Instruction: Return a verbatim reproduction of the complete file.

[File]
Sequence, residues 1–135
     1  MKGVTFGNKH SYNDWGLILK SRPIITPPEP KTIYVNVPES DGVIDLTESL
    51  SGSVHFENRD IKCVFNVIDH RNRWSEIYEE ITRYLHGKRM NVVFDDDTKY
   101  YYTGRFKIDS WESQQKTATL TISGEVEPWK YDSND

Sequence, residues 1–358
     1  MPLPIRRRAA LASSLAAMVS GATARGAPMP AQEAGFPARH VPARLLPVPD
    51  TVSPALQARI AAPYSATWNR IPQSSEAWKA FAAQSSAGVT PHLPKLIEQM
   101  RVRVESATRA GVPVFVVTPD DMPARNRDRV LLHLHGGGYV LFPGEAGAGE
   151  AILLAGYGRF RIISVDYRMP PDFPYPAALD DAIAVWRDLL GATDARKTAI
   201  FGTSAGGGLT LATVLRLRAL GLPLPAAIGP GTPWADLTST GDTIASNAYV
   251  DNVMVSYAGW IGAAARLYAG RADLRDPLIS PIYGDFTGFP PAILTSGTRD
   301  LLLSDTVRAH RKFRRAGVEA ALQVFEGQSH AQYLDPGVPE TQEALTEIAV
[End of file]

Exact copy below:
Sequence, residues 1–135
     1  MKGVTFGNKH SYNDWGLILK SRPIITPPEP KTIYVNVPES DGVIDLTESL
    51  SGSVHFENRD IKCVFNVIDH RNRWSEIYEE ITRYLHGKRM NVVFDDDTKY
   101  YYTGRFKIDS WESQQKTATL TISGEVEPWK YDSND

Sequence, residues 1–358
     1  MPLPIRRRAA LASSLAAMVS GATARGAPMP AQEAGFPARH VPARLLPVPD
    51  TVSPALQARI AAPYSATWNR IPQSSEAWKA FAAQSSAGVT PHLPKLIEQM
   101  RVRVESATRA GVPVFVVTPD DMPARNRDRV LLHLHGGGYV LFPGEAGAGE
   151  AILLAGYGRF RIISVDYRMP PDFPYPAALD DAIAVWRDLL GATDARKTAI
   201  FGTSAGGGLT LATVLRLRAL GLPLPAAIGP GTPWADLTST GDTIASNAYV
   251  DNVMVSYAGW IGAAARLYAG RADLRDPLIS PIYGDFTGFP PAILTSGTRD
   301  LLLSDTVRAH RKFRRAGVEA ALQVFEGQSH AQYLDPGVPE TQEALTEIAV